Providing Stability

Moreover, supports provide building stability. A stable structure is one that can withstand loads and external influences without collapsing.

By resisting lateral loads like wind or earthquake loads, supports like walls, braces, and shear walls give stability. The stability of the structure depends heavily on the placement and design of these supports.

Reducing Vibrations

Furthermore, supports aid in reducing vibrations inside a building. Many factors, like wind, traffic, or seismic activity, can cause vibrations.

In addition to making inhabitants uncomfortable, excessive vibrations may threaten the building's structural integrity.

To lessen vibrations in a structure, supports such as foundation isolators, tuned mass dampers, and dampers are used. Although tuned mass dampers dampen vibrations by oscillating in the opposite direction from dampers, dampers absorb energy from the vibrations.

In order to reduce vibration transfer to the structure, base isolators are utilized to isolate the building from the ground.

Different Types of Support

Different types of supports, the movement they restrict, and reaction forces Figure 1: Different types of supports, the movement they restrict, and reaction forces (Reference)

Fixed Support

A diagram illustrating fixed support Fixed supports can withstand a turning moment as well as horizontal and vertical forces.

They are also known as stiff supports since they prevent both rotation and translation (in the context of support structures, translation refers to the movement of a structure or component in a straight line without rotation or angular displacement). This means that for a structure to be stable, there only has to be one fixed support.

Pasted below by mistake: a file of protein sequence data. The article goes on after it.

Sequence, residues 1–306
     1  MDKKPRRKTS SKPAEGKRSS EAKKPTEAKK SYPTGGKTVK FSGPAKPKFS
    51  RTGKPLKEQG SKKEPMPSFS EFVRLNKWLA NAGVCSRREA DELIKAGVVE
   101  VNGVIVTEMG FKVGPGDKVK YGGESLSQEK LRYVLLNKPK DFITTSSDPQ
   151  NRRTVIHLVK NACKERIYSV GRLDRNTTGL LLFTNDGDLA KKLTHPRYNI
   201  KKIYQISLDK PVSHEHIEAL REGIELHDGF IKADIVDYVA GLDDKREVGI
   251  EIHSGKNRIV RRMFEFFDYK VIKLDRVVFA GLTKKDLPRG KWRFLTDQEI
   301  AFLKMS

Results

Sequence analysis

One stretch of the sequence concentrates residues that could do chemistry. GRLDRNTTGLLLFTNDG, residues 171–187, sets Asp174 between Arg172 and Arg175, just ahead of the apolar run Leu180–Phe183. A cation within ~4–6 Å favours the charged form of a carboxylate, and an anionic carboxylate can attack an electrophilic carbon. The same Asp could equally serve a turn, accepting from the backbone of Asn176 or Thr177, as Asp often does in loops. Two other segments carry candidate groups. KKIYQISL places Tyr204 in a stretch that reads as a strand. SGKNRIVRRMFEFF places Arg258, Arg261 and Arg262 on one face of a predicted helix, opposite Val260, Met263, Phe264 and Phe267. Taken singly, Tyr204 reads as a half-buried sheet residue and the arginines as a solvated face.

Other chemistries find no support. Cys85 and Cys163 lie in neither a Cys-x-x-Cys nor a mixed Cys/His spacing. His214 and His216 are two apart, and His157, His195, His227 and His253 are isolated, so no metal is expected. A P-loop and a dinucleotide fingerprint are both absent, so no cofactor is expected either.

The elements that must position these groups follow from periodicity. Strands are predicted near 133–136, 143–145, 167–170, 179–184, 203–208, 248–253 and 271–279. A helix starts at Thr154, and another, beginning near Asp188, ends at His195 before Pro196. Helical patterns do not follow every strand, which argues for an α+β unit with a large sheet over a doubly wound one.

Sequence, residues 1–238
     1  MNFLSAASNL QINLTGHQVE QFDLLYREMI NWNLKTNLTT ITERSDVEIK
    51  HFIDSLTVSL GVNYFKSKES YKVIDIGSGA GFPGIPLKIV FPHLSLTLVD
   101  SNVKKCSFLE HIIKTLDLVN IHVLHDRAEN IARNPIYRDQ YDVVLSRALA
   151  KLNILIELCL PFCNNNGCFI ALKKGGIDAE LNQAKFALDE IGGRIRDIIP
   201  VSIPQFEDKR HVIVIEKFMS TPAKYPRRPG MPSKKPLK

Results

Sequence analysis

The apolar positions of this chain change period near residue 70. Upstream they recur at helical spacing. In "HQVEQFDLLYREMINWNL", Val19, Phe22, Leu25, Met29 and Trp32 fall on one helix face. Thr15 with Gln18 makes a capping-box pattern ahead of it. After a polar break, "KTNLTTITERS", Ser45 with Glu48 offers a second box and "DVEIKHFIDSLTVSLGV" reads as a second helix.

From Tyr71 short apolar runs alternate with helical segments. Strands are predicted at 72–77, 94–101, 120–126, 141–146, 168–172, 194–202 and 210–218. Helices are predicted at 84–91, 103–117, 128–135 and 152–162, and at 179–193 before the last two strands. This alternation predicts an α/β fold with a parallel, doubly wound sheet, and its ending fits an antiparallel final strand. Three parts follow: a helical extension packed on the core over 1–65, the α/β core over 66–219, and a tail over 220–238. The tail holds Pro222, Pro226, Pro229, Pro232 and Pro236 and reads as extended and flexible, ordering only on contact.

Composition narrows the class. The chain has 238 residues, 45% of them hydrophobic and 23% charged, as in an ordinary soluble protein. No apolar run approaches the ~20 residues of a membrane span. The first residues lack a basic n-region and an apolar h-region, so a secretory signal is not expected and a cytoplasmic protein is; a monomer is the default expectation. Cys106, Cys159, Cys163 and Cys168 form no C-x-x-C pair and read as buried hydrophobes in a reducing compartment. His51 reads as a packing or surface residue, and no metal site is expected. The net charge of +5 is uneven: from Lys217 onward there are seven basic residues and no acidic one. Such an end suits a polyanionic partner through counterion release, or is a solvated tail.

Common Use and Application in Residential or Light Commercial

In residential or light commercial construction, fixed supports are frequently employed, especially for single-support applications.

These are often required for cantilevered constructions like balconies and overhangs, where the fixed support provides all the essential limitations to ensure the structure is secure.

Fixed support can also transfer moments between structural components, which is an important aspect of structural design.

Benefits and Limitations of Fixed Support

There are many advantages to using fixed supports for a building, but perhaps the most important is that they guarantee the most rigidity and stability for the building.

As a result, they are highly recommended for use in areas prone to earthquakes and other situations calling for a rock-solid foundation. If a building has only one support column, they come in handy there, too.

Nonetheless, the fixed supports' rigidity can sometimes be a drawback. They are rigid and cannot bend or sway, which can cause difficulties. Sometimes, the safety of adjacent materials necessitates that a structure has some wiggle room, or deflection.

The durability of the support may also be compromised due to the expansion of materials like concrete if the support is improperly designed.